One was to get up very early in the morning and resume my work on the Simple Abundance program.  Writer Sarah Ban Breathnach worte the Simple Abunance Daybook in the early-mid 1990s when the world economy was in a recession.  Her message of finding happiness in a life aligned with joy, harmony, order and simplicity still resonates for many harried women today.  My late Mom used the Daybook on and off until the time she had to go live in a residence because of the advance symptoms of Parkinsonism.  The focus she brought to our daily  lives bore her own interpretation of Simple Abundance and created a chapter in the last years of our household that were creative, productive and life enriching despite sickness, unemployment and financial difficulties.  Together we realized these things can be problems that overwhelm us or they can be looked at as challenges we would overcome.  A great deal of the enjoyment we got each day  came from such such simple activities as walks, planning a tea time, selecting a muffin mix, feeding the squirrels and birds in the park.  Seeing programs on PBS such as “As Time Goes By” and “Keeping up appearances” was another way we slowed down and enjoyed ourselves at home.  Following soap operas like “All My Children” or renting DVDs of Hollywood Classic films was another activity we enjoyed at home.  We also shared and supported each other’s creative projects such as latchwork, sewing and journaling.  These are just some of the ways we were able to focus on the present.  The rush to the next thing we felt compelled to do was controlled and we regained our ability to slow down.

During the Summer of 2016, I worked through the program using the Gratitude Journal every night.  Having to write down five things to be grateful for every evening was not as difficult as I thought.  I found that the Daily Conversation Journal, used each morning, complemented the Gratitude Journal at night.  At first I started to complain in my journal about the weather each day.  At night the Gratitude Journal contained negative entries with comments like “Another hot day over at last!”  After a few days like this I was bored with myself and wanted to find something happy and spontaneous to enter to the journal.  What happened was that my mind recollected many happy memories.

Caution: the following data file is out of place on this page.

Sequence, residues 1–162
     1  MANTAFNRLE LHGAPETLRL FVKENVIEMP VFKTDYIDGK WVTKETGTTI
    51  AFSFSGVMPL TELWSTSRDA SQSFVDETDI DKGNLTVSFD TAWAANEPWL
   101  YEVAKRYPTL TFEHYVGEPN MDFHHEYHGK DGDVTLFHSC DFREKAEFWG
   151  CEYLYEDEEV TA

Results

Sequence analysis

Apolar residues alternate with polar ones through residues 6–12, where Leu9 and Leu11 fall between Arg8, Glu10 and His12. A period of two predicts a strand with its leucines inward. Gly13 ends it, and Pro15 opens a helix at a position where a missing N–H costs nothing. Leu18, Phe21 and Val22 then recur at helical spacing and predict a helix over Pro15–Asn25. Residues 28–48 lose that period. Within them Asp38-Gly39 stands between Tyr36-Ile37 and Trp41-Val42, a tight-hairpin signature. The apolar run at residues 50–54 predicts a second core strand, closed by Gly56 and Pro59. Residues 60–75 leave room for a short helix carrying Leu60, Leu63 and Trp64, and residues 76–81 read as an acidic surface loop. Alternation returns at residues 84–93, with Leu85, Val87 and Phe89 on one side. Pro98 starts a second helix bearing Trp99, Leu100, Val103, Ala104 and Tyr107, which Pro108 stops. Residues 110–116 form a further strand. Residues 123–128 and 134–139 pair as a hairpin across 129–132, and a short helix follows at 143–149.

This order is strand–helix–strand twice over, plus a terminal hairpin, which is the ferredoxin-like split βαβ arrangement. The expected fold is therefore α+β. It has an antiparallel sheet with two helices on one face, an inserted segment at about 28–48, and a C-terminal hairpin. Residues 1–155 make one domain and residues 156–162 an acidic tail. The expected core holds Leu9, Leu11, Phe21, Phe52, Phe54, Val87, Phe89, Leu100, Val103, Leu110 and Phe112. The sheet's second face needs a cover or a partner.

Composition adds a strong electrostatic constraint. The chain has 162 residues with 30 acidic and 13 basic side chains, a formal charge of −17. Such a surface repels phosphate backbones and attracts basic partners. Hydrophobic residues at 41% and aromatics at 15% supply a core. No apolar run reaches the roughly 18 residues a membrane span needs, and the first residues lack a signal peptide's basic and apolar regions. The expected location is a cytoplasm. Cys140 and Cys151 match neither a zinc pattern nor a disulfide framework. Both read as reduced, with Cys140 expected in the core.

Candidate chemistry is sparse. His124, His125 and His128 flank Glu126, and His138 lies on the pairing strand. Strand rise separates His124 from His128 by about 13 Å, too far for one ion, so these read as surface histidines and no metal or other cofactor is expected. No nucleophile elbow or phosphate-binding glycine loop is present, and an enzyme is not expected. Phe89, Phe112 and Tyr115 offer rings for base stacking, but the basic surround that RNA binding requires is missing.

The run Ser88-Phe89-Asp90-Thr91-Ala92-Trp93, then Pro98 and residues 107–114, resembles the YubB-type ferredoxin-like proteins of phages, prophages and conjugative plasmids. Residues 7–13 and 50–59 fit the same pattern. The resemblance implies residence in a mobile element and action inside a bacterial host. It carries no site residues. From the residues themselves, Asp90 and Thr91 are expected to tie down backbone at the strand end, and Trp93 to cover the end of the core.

Concentrating on simple enjoyments like a juicy orange or piece of watermelon, a smooth and frosty ice coffee, along with memories of childhood visits to my Grandmothers made the staycation days a journey to other times and places long gone but not forgotten.  These memories helped me create collages for another book I’m using in the Simple Abundance program:  the creation of a visual autobiography through the creation of collages.  The workbook offers guidelines for the creation of each collage but the focus and results spring up from a place deep within.  I was amazed at how the pieces came together using clip art, printouts of vintage illustrations, stickers and text.  Each collage flowed out a little at a time and during certain sessions when I created them I was so delightfully involved that the heat, humidity and noise outside were forgotten.


One theme for a collage centers around what activities kept one amused and happy as a child.  I created two collages over the summer.  One each focusing on visits for my paternal and maternal Grandmothers.  Visiting Grandma Josie Serrapede was always a very relaxing and happy time for me.  I loved to take naps after Sunday afternoon supper  at her house.  Another favorite nap time was early on a Saturday morning at home.  After starting  first grade my naptime took place only on weekends.  Sometimes I retreated to my room at home and made a sort of ritual out of the time I spent before going to sleep.  I loved to look through my Mom’s childhood story books with beautiful illustrations.  Having all my toys around me also felt very good.  Playing with paper dolls in my room or using the little chain stitch sewing machine Grandpa Sam and Grandma Josie gave me also helped me relax.  When I finally went to sleep I had happy dreams and awoke ready to play with Tressy, Tammy or Barbie.

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36e-Made in Italy (Part 2)


Aunt Kathie and Uncle Sammy surprised me with a beautiful gift from Italy.  I never expected to get a cameo that has my initial.  I love the mix of modernity and tradition it has.  Now I’m thinking of getting a new white blouse to wear with it.  I may even have a jeweler put a gold loop through the hole so I can replace the cord with a short gold chain.

Cameo by APA

This cameo was made from a sea shell.  The artisans have to go through several layers in the shell to reach the darker background that provides the contrast.